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Illustration: Shoshana Gordon/Axios

NASA's proposal to update its radiation limits for astronauts would make space a more equal place for women.

The big picture: Historically, female astronauts haven't been able to fly as often as their male counterparts, in part because of strict limits on the amount of radiation exposure NASA finds allowable.

  • "A female will fly only 45 to 50 percent of the missions that a male can fly," former astronaut Peggy Whitson said in 2013.
  • "I know that they are scaling the risk to be the same, but the opportunities end up causing gender discrimination based on just the total number of options available for females to fly."

Driving the news: A new report from the National Academies of Sciences, Engineering and Medicine suggests NASA should move ahead with a plan to use one career-long radiation limit for all astronauts.

  • A set limit will allow for more equality in spaceflight opportunities, according to the report.
  • The new radiation limits — which would be set at a career-long 600 millisieverts for any astronaut, male or female — would put NASA in line with many other space agencies around the world, which have set standard limits for all of their astronauts.

Why it matters: Radiation — specifically galactic cosmic rays — is one of the major limiting factors for NASA as it's working to send people to deep space destinations like the Moon or Mars.

  • "We know that the central nervous system is relatively susceptible to this type of radiation, so we're thinking about cognitive effects or any mood changes that could potentially happen from this exposure," Emmanuel Urquieta, an assistant professor at the Center for Space Medicine at Baylor College of Medicine, told me.
  • Inflammation in the cardiovascular system is also a major concern.
  • Deep space radiation is difficult to replicate on Earth, making studying its health effects complicated. Right now, radiation standards are based on limited data in part collected after the U.S. bombing of Japan in World War II and mouse studies.
  • But new studies could help scientists bridge what they know about radiation's effects from mouse studies with studies using human tissue — without putting people in danger.

What to watch: Astronauts traveling to and from Mars would far exceed even the new career-long radiation limit proposed by NASA.

  • The new report suggests the space agency could establish a waiver system to say exactly what kinds of missions are worthy of exceeding that limit, but that shouldn't necessarily be used for any given trip to Mars, experts say.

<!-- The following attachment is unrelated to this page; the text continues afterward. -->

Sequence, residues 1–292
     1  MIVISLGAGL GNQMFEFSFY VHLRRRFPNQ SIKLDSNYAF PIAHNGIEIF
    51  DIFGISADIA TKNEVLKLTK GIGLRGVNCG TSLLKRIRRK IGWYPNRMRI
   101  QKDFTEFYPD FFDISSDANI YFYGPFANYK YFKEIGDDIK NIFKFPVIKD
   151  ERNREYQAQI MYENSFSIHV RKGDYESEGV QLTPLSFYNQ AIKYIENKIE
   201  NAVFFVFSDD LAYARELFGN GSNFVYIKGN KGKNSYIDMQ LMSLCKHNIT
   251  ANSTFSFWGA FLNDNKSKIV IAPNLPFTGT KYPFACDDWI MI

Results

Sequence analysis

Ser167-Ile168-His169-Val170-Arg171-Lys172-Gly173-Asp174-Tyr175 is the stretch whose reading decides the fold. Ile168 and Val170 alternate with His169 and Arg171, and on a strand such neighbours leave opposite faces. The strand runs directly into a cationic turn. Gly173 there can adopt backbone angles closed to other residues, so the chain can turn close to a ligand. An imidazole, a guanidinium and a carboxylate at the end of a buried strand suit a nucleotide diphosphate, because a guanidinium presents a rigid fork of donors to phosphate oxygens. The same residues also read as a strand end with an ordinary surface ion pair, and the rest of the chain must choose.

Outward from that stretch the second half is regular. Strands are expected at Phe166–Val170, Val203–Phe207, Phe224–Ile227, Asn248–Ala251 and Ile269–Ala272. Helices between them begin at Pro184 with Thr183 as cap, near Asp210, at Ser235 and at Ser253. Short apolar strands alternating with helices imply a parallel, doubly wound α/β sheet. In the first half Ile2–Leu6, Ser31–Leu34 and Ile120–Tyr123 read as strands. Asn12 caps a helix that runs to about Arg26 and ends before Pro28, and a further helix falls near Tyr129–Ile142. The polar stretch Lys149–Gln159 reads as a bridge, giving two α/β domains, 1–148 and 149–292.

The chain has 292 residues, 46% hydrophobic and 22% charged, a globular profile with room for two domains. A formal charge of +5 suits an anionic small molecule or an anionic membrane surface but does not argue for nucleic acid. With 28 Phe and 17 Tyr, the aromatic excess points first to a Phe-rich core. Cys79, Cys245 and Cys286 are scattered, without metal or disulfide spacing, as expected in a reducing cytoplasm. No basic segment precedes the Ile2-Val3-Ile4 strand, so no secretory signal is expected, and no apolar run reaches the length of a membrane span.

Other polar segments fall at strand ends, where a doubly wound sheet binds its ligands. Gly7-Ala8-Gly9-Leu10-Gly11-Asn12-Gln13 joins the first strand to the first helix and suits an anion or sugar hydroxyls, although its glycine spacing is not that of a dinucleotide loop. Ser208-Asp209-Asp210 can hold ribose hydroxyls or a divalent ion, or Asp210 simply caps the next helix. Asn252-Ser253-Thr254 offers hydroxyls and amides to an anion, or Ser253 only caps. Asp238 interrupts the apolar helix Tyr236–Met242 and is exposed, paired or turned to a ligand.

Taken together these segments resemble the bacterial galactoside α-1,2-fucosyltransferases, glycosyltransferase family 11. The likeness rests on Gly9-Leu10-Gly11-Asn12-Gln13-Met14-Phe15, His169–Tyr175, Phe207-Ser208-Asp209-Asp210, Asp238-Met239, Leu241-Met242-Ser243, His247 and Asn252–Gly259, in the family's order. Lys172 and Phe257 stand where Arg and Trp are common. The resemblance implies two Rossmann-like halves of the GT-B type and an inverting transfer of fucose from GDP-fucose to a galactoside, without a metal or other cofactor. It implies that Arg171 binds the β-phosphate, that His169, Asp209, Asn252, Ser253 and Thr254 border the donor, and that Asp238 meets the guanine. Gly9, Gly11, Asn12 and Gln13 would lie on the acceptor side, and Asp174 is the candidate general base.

• "The point of having a standard is it's something for us to think of as a hard limit," Jeff Kahn, one of the committee members who helped author the new report, told me. "If we can't do what we want now because it's too much radiation exposure, then we need to figure out ways to make it safer for astronauts."

Go deeper

Sep 14, 2021 - Podcasts
How It Happened

The Next Astronauts Part IV: Risk

In part four of How it Happened: The Next Astronauts, Axios space reporter Miriam Kramer learns how the Inspiration4 crew is grappling with risk, something every company in the space industry and all astronauts must confront.

  • Kramer speaks with the crew, the parent of a crew member, and a former NASA safety expert about how memories of the Challenger explosion have shaped the way the space industry prepares astronauts for risk.
Oct 5, 2021 - Podcasts
How It Happened

The Next Astronauts Part V: The Launch

In part five of How it Happened: The Next Astronauts, Axios space reporter Miriam Kramer follows the Inspiration4 crew to the Kennedy Space Center in Cape Canaveral, Florida, to cover their launch and catches up with each of them after their return.

  • Kramer takes listeners to the press center at the Kennedy Space Center and inside of a pre-launch press conference with the four civilian astronauts the day before launch.
  • Kramer reports on the launch from on the ground and analyzes the livestream hosted by SpaceX, including the abrupt termination of real-time access to the crew once they reached orbit.
  • She tracks the crew during their three days in orbit, their high-risk descent back through the Earth's atmosphere, and what the safety and success of the mission means for the entire industry going forward.

Subscribe to How It Happened wherever you listen to podcasts.

  • For more of Miriam Kramer's space reporting, subscribe to Axios Space.

Credits: The Next Astronauts is reported and produced by Miriam Kramer, Amy Pedulla, Naomi Shavin, and Alice Wilder. Dan Bobkoff is Executive Producer. Mixing, sound design, and music supervision by Alex Sugiura. Theme music and original score by Michael Hanf. Fact-checking and research by Jacob Knutson. Alison Snyder is a managing editor at Axios and Sara Kehaulani Goo is executive editor. Special thanks to Axios co-founders Mike Allen, Jim VandeHei and Roy Schwartz.

Miriam Kramer, author of Space
Oct 5, 2021 - Science

The winds within Jupiter's Great Red Spot are gaining speed

The Great Red Spot seen by the Hubble Space Telescope. Photo: NASA/ESA/STScI

The winds of one of the most recognizable storms in the solar system — Jupiter's Great Red Spot — are speeding up.

Why it matters: This weather report for another world is possible because the Hubble Space Telescope has been keeping a close eye on the storm for more than 10 years.